Characteristics of exponential models
Doubling time and half-life: In an exponential model, equal steps in the input variable will always increase (or decrease) the value of the output variable by the same percentage. When the input variable is time, it is often useful to describe the process by how long it takes for the output to double (for growth) or decline to half (for decay) — these are called the “doubling time” or “half-life”. These values can be estimated from the graph of the model by taking the y value in the model that is furthest from zero, drawing a horizontal line at half that height, then noting the difference between the x values of the original point and the point where the half-height line crosses the graph of the model.
Example 2: Estimate the doubling time of the model for the 1780-1870 U.S. census data.
Solution: The highest point on the graph of the model is (x=90, y=40.0), predicting a 1870 population (90 years after 1780) of 40.0 million people. Half that y value is 20.0, and we can see that the model graph crosses that value about x=65, halfway between the x=60 and x=70 data points. Subtracting 65 from 90 tells us that the y values in the model double in about 25 years.
Comments on this solution: Notice that the model predicts a population of 10 million at about x=40, then 20 million at about x=65, then 40 million at about x=90 — this shows that the doubling time of 25 years is the same for different parts of the graph (this is true only for exponential models). Using the highest point graphed on the model makes it easier to estimate the coordinates (estimating the x position for y=5 would be harder, for example). For a decaying-exponential model, we still use the highest point but it is the first point on the left, so the time to the half-height point is a half-life rather than a doubling time.
Convergence to zero: Exponential decay models have a negative “growth” rate, so that at each step the output becomes smaller by a fixed percentage. This leads to output values that come closer and closer to zero but never quite reach it. But the difference from zero can quickly become small enough to be negligible for practical purposes—a process whose output value decreases by half every hour will be less than a ten-millionth of its original size a day later. Notice that if the initial value is negative, this convergence to zero is from below the x-axis, with increasing values of y that come closer and closer.
Example 3: The intensity in Curies of a radioactive material that is used to make x-ray images of pipes is calibrated every 15 days, giving the dataset shown to the right. Fit an exponential model to the data to determine if this intensity exhibits exponential decay. If it does, find the decay rate of the material.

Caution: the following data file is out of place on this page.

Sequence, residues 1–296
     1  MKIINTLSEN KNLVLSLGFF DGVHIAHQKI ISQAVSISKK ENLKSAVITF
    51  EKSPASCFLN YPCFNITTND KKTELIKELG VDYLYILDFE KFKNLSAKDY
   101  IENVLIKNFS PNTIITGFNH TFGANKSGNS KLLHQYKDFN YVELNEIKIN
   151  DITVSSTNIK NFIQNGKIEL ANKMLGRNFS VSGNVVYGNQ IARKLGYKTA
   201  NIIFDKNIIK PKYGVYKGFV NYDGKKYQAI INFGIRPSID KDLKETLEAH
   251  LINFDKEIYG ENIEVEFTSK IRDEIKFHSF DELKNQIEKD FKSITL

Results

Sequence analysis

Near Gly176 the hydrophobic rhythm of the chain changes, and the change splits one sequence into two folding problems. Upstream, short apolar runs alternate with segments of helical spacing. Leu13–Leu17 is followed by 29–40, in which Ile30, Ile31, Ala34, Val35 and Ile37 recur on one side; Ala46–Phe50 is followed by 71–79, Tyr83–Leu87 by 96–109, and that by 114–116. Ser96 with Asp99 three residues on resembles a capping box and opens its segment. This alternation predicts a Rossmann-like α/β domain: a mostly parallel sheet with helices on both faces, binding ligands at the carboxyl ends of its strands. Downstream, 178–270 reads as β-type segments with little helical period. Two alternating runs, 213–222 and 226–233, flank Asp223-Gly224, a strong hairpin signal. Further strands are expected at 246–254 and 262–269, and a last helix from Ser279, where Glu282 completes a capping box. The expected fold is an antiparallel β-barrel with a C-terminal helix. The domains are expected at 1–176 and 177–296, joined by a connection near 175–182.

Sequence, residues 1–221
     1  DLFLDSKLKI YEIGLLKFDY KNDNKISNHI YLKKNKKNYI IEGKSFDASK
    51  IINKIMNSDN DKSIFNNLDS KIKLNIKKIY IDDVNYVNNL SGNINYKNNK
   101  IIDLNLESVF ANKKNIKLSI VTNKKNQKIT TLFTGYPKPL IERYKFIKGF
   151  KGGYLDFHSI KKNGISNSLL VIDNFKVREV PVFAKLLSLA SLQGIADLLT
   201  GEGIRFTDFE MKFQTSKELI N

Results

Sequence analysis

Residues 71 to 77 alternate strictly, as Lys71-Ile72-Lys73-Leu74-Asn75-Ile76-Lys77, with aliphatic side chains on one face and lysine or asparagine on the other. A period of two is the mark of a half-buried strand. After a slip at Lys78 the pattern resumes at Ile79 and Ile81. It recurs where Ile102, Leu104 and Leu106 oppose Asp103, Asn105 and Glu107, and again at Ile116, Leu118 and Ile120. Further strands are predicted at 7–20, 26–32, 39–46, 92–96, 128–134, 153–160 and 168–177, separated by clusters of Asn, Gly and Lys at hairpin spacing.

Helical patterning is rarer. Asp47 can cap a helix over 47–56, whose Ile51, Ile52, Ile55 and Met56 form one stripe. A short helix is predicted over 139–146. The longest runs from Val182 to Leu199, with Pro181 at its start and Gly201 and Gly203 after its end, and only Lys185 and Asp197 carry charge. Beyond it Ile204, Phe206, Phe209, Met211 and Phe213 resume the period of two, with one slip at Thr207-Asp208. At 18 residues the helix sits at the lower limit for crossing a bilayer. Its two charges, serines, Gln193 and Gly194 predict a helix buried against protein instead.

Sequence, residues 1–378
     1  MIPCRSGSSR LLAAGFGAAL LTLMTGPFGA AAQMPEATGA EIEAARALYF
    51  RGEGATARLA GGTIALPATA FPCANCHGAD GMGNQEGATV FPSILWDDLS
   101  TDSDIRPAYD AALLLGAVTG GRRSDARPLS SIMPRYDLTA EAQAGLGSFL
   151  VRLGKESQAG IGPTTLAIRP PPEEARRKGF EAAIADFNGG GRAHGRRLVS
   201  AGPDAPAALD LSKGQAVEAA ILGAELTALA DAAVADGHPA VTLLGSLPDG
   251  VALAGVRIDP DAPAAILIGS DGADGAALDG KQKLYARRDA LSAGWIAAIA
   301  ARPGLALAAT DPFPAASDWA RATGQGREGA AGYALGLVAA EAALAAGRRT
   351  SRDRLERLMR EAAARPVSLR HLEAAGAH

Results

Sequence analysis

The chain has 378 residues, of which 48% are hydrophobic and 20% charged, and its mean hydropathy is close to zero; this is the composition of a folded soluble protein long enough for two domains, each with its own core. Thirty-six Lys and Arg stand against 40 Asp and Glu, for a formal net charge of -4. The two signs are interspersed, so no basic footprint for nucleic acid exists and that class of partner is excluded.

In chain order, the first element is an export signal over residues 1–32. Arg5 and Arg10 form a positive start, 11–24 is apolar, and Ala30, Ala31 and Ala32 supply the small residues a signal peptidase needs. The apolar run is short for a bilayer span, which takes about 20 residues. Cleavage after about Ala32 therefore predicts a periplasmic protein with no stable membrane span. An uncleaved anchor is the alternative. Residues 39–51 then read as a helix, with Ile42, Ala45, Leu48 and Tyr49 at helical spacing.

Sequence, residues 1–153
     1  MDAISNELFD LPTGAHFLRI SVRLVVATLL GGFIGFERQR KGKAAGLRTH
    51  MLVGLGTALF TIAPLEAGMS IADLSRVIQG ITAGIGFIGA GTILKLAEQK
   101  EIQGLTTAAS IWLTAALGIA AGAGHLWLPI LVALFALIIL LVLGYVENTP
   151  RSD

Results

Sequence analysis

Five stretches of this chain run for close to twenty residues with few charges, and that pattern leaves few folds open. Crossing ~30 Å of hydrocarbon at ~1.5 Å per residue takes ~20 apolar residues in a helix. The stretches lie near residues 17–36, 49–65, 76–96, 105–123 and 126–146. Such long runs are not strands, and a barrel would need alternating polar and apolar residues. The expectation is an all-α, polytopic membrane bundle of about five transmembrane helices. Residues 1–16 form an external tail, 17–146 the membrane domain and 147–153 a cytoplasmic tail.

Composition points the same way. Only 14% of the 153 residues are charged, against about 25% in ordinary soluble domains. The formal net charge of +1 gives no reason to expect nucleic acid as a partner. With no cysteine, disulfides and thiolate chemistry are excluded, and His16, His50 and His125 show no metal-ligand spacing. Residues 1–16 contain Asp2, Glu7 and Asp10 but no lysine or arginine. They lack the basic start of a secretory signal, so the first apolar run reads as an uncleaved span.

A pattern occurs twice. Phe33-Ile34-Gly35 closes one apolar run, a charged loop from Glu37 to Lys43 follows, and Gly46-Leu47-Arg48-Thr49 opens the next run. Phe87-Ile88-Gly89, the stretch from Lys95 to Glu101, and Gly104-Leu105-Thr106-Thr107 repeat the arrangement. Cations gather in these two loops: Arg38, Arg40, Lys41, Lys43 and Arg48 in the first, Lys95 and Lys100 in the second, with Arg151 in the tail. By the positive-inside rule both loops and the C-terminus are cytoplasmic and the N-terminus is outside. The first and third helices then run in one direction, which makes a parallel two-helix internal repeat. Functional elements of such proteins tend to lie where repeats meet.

Since the data fits the model well, the intensity exhibits exponential decay.
The growth rate of the model is –0.0094, a decay rate of 0.94% per day.
Example 4: Estimate the half-life of the exponential decay process above.
Examine the model graph (or the values in column C) to find when the output declines to half the initial amount of 160 Curies. This time is the half-life of the decay process.
Since the intensity is 78.6 Curies at day 75, the half-life is about 75 days. (Note that the intensity at day 150 is about ¼ the original value, as it should be.)
Unbounded growth: Exponential growth models become very large surprisingly quickly. This is because each increase causes later increases to be larger (since at each step the rate of increase depends on the current amount). An investment with a 7.2% annual return will double to 10 years, then redouble each decade to reach 1000 times the original value in a century. Under favorable conditions, bacteria can reproduce (and thus double their numbers) about every 30 minutes, leading to a million-fold increase in ten hours. The process by which scientists amplify the genetic material DNA so that it can be detected chemically doubles the number of DNA fragments every 2 minutes, leading in less than an hour to about 30 million copies of each original piece. Most explosions start with exponential growth, as each small reaction causes several others, which in turn each cause more, and so on. Notice that if the initial value is negative, the unbounded growth can be in a negative direction.
Such growth processes can not continue indefinitely. Although there are many natural processes that show exponential growth at certain stages, the steady build-up of the speed of exponential growth ensures that some limit (often exhaustion of some essential resource) is reached sooner or later. This should be kept in mind when modeling—data often show a pattern that will not continue.